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Fps1p controls the accumulation and release of the compatible solute glycerol in yeast osmoregulation.

Journal article
Authors Markus J. Tamás
K Luyten
F C Sutherland
A Hernandez
J Albertyn
Hadi Valadi
H Li
B A Prior
S G Kilian
J Ramos
L Gustafsson
J M Thevelein
Stefan Hohmann
Published in Molecular microbiology
Volume 31
Issue 4
Pages 1087-104
ISSN 0950-382X
Publication year 1999
Published at Department of Cell and Molecular Biology
Pages 1087-104
Language en
Keywords Biological Transport, Fungal Proteins, genetics, metabolism, Gene Deletion, Gene Expression Regulation, Fungal, Glycerol, metabolism, Hypertonic Solutions, pharmacology, Membrane Proteins, genetics, metabolism, Osmolar Concentration, Saccharomyces cerevisiae, genetics, growth & development, metabolism, Saccharomyces cerevisiae Proteins, Signal Transduction, Water-Electrolyte Balance
Subject categories Cell and molecular biology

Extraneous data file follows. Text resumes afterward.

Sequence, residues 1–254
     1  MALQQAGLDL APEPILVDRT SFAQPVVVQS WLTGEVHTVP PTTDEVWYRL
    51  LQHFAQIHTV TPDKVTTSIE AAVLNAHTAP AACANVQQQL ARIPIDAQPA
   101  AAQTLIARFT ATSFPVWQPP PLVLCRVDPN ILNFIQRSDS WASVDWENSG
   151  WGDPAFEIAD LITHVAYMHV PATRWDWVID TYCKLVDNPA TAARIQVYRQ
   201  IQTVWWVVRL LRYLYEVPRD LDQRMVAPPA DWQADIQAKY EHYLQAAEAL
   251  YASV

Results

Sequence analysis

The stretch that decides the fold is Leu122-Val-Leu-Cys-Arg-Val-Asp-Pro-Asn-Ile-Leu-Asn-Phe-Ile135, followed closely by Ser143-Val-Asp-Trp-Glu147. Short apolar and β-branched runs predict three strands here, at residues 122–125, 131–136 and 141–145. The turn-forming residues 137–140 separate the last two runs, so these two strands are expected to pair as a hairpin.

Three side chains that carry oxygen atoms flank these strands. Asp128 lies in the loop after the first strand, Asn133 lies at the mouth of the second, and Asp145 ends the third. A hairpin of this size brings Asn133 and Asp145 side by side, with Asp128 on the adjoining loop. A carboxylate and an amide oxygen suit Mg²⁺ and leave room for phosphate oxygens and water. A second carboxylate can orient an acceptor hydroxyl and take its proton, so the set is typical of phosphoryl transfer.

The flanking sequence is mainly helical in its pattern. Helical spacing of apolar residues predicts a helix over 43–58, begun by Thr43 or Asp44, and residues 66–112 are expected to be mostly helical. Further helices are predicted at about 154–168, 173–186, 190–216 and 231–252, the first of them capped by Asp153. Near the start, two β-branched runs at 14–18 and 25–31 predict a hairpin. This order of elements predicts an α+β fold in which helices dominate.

The accumulation of compatible solutes, such as glycerol, in the yeast Saccharomyces cerevisiae, is a ubiquitous mechanism in cellular osmoregulation. Here, we demonstrate that yeast cells control glycerol accumulation in part via a regulated, Fps1p-mediated export of glycerol. Fps1p is a member of the MIP family of channel proteins most closely related to the bacterial glycerol facilitators. The protein is localized in the plasma membrane. The physiological role of Fps1p appears to be glycerol export rather than uptake. Fps1 delta mutants are sensitive to hypo-osmotic shock, demonstrating that osmolyte export is required for recovery from a sudden drop in external osmolarity. In wild-type cells, the glycerol transport rate is decreased by hyperosmotic shock and increased by hypo-osmotic shock on a subminute time scale. This regulation seems to be independent of the known yeast osmosensing HOG and PKC signalling pathways. Mutants lacking the unique hydrophilic N-terminal domain of Fps1p, or certain parts thereof, fail to reduce the glycerol transport rate after a hyperosmotic shock. Yeast cells carrying these constructs constitutively release glycerol and show a dominant hyperosmosensitivity, but compensate for glycerol loss after prolonged incubation by glycerol overproduction. Fps1p may be an example of a more widespread class of regulators of osmoadaptation, which control the cellular content and release of compatible solutes.

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